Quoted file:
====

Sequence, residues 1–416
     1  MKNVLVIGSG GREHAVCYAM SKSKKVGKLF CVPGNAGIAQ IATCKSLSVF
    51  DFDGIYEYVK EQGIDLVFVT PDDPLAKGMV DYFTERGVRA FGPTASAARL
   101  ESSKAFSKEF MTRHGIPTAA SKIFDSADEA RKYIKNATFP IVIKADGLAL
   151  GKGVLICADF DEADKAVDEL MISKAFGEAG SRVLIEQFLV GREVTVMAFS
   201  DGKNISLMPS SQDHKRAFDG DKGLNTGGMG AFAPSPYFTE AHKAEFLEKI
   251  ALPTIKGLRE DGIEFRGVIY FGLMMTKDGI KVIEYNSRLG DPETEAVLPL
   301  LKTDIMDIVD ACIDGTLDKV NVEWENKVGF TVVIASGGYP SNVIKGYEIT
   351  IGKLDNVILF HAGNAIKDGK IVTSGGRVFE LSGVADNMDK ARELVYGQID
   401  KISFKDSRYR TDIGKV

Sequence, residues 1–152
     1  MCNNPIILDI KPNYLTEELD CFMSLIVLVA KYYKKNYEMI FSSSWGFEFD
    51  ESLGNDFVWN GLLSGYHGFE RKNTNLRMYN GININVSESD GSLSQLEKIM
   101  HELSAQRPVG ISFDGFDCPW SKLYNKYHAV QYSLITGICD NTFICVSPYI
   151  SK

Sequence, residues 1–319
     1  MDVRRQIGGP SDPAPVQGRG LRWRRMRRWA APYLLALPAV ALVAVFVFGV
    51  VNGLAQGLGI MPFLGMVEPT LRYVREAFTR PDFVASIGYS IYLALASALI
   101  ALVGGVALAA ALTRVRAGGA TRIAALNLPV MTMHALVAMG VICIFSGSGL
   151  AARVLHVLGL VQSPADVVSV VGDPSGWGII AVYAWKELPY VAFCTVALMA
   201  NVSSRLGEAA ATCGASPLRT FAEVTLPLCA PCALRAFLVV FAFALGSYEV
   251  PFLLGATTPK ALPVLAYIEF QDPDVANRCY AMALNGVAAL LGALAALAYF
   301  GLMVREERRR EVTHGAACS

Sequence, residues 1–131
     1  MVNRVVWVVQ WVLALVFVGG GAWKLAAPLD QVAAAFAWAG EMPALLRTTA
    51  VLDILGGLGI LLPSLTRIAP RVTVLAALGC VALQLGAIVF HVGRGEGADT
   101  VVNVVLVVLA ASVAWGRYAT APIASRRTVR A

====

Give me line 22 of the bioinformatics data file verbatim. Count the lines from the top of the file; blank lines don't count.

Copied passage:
   251  PFLLGATTPK ALPVLAYIEF QDPDVANRCY AMALNGVAAL LGALAALAYF